In-depth reviews are popping up everywhere. Craig Detweiler at Doc Hollywood has begun a three-part series called “The Master in Context.” It’s well worth your attention: Part One, Part Two, Part Three (coming soon).
I’ll offer several more thought-provoking links, but first, here’s what I wrote in response to Detweiler’s piece…
I’m so glad you’re taking this on, Craig. I look forward to the rest of your series.
“Anderson extends so much grace towards his broken characters that he tests the audiences’ patience.” Very true. I’m impatient with an artist’s thoughtful consideration of human frailty, failings, and corruption, how likely am I to be patient and thoughtful and compassionate about human beings themselves when I encounter them? The more attention I give to the Scriptures, the more I feel my own patience tested at the appalling behavior of those we sometimes call “the heroes of the faith.” I’m reminded of the theme of The Lord of the Rings: the patience, pity, and compassion of Bilbo and Frodo to a profane and wretched character is what brought about the possibility of redemption. The Master gives us some appalling characters behaving in ugly ways, but it doesn’t do that for cheap thrills; it invites us to view them through a startlingly compassionate lens for purposes of understanding them. I found myself wanting both Freddie and Lancaster to, in the language of The Cause, “get better.”
Where some directors seem interested in little more than shocking their audiences with gratuitous depictions of abuse, sexism, recklessness, and perversity, Paul Thomas Anderson is one who seems genuinely interested in studying American masculinity and its often troubling compulsions and preoccupations. Rather than celebrating bad behavior, he seems more inclined to expose it the way a scientist exposes cancer and invites us to consider its symptoms, its substance, its causes, and its potential solutions.
I’m so impressed with how his scenes are always more than simple metaphors; he insists on the particularity of the character and the context. Nevertheless, each scene is suggestive of so much more, open to a variety of interpretations. Great art cannot be reduced to paraphrase — and while I’m not sure I’m ready to declare The Master “great art” (I’m still frustrated with several aspects of it), I’m really enjoying the variety of discussions it has already inspired. Discomforting, hard to watch, occasionally frustrating, and certainly not for everyone… but the imagery and the characters of The Master have already inspired more rewarding conversations, and more substantial reviews and essays, than any other film I’ve seen so far this year. And as more and more moviegoers take the time to consider it in the context of Anderson’s previous films, I think this is one of those that will open up new ways to interpret other films, even those beyond Anderson’s oeuvre.
Two follow-up reviews are on the way soon.
Here are some more responses I found interesting and provocative as I continue to, um, “informally process” the film:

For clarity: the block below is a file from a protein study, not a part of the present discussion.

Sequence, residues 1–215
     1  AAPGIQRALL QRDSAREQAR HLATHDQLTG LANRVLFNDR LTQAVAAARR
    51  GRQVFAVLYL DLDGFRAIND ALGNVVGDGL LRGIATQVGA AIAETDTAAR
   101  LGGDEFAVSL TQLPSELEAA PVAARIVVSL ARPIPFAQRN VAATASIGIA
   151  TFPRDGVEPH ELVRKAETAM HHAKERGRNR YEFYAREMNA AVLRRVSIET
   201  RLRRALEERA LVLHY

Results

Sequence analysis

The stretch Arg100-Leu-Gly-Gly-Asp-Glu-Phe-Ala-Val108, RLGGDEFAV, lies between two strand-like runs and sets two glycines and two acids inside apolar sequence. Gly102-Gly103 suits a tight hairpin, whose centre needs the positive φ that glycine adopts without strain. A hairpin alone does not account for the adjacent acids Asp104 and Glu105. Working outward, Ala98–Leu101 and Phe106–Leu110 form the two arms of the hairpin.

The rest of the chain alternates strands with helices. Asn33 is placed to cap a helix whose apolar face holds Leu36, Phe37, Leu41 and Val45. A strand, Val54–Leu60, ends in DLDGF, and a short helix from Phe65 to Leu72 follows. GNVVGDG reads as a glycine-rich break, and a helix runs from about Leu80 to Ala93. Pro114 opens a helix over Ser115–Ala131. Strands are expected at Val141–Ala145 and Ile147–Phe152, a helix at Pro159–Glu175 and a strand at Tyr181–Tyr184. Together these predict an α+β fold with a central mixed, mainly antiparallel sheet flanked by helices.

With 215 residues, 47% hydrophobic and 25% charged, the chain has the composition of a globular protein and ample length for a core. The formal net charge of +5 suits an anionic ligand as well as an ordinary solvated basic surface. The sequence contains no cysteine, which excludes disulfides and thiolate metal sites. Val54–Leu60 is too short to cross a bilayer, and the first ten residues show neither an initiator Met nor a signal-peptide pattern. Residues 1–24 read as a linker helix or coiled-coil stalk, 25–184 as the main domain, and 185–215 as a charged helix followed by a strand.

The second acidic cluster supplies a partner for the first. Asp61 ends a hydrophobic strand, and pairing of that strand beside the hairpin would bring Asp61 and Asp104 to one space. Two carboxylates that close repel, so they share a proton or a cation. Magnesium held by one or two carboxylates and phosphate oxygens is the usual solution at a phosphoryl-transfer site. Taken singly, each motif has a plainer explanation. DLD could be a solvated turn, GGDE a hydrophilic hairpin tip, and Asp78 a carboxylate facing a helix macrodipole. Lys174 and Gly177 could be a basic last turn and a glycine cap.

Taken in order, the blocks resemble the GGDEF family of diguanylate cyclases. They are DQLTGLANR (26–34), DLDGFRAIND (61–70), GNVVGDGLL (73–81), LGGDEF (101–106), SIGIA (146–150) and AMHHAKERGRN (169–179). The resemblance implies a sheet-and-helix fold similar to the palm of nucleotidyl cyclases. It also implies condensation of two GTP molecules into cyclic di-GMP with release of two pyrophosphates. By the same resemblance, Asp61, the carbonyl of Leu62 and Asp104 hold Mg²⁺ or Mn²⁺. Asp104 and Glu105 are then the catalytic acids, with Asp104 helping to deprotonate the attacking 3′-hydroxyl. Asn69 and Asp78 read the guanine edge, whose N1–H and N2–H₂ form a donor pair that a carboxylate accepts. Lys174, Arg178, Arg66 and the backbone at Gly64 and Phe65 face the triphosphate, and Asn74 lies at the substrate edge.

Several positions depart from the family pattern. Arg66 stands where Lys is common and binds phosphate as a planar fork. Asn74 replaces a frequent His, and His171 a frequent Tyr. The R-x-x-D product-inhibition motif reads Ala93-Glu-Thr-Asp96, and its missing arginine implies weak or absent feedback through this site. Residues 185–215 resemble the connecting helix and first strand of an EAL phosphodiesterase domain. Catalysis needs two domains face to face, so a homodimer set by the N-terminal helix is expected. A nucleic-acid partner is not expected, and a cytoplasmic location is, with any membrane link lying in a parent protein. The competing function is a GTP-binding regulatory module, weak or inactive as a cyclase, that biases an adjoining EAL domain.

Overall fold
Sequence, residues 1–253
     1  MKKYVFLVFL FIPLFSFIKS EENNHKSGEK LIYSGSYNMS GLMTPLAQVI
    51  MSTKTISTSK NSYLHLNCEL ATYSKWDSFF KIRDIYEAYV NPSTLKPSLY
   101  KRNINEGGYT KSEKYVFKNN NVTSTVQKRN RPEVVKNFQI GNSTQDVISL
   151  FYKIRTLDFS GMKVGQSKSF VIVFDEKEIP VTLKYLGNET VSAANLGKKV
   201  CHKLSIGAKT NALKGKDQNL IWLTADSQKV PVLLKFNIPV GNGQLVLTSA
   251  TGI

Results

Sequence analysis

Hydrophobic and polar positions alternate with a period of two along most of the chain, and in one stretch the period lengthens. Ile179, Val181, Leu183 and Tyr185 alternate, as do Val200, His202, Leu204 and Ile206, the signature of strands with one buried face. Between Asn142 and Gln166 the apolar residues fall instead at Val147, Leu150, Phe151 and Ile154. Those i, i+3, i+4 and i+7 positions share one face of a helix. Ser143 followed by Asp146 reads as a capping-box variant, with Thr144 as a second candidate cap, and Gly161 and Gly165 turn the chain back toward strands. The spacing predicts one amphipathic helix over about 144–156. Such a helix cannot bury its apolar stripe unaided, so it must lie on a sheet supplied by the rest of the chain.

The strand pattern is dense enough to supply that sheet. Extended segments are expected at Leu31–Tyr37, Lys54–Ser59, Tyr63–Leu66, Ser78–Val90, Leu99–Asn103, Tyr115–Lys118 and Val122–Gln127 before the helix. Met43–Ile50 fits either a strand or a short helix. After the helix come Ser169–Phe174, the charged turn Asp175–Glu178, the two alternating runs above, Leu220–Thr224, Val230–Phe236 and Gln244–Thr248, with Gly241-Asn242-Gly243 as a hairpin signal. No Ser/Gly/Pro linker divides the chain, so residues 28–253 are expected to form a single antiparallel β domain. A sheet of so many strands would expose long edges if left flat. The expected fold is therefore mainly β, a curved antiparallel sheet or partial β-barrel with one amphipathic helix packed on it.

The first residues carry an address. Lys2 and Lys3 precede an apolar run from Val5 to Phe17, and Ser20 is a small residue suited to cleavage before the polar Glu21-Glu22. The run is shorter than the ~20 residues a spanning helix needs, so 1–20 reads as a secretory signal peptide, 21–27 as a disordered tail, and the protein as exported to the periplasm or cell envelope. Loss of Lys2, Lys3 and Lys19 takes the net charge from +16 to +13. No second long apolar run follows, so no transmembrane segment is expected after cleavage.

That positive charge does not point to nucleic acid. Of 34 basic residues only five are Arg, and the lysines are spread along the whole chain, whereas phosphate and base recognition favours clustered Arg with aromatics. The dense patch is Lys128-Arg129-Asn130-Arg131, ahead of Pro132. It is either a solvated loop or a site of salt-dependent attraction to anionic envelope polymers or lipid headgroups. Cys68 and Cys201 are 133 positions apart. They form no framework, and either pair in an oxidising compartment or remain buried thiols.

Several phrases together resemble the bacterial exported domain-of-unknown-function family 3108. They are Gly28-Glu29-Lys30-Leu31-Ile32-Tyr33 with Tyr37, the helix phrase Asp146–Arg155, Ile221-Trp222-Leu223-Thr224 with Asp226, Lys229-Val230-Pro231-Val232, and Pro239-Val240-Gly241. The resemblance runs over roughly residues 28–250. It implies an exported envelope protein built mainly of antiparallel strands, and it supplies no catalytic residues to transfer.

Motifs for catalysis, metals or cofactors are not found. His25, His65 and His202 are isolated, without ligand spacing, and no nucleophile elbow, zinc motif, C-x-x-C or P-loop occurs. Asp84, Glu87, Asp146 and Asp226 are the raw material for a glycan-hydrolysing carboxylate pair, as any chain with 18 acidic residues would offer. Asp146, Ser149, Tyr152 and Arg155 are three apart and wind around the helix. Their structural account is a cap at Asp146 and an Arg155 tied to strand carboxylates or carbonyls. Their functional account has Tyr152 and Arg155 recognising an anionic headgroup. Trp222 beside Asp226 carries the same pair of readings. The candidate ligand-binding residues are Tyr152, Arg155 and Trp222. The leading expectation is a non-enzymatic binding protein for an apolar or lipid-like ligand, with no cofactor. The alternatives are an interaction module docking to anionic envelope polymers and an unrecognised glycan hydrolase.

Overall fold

- Dana Stevens (Thank goodness! I want to hear from more women in film criticism about this movie. Lauren Wilford? Alissa Wilkinson? Where are your reviews?) has seen the film several times now, and says:
But ultimate meaning aside, what made revisiting The Master such a joy was the nuts-and-bolts details of it, the way the film’s many moving parts shifted each time. Scenes that had seemed inscrutable on the first go-round blossomed into sense. Formerly insignificant moments migrated to the foreground, while other scenes that had felt integral suddenly seemed extraneous. This kaleidoscope effect isn’t some magical quality inherent to The Master, of course—it’s what happens when you revisit any work of art that’s formally inventive and thematically rich. But the truth is that such works don’t come along all that often, and part of the fun when they do is to keep on turning the kaleidoscope to see what new patterns emerge.
If the processing/auditing that the Master encourages is designed to shed oneself of the negative emotions and troubles of our past lives, consider the possibility that Freddie might actually be, at least on a metaphoric level, one of Lancaster Dodd’s past lives. (Which makes the oft-stated question in the film of where they might have met a more haunting one.) If Dodd constantly leaves his troubles behind, Freddie appears to be made up entirely of troubles — the family that abandoned him, the girl back home who didn’t wait for him, the war that broke him… Like the negative energy of New Yorkers that collects in the sewers of the city in ‘Ghostbusters II,’ Freddie is, in many ways, the return of the repressed for Lancaster Dodd — a Frankenstein’s Monster of troubled memories, rejections, and unspoken spiritual longings.
- Ann Hornaday interviews Paul Thomas Anderson at The Washington Post
- Ignatiy Vishnevetsky at MUBI
- Mike D’Angelo at Letterboxd
- And the discussion at ArtsandFaith.com is growing. (The pre-release discussion goes on for pages, so this link takes you to Post #62, when people actually began seeing the film and responding to it.)
- I’ll post more as I come across them…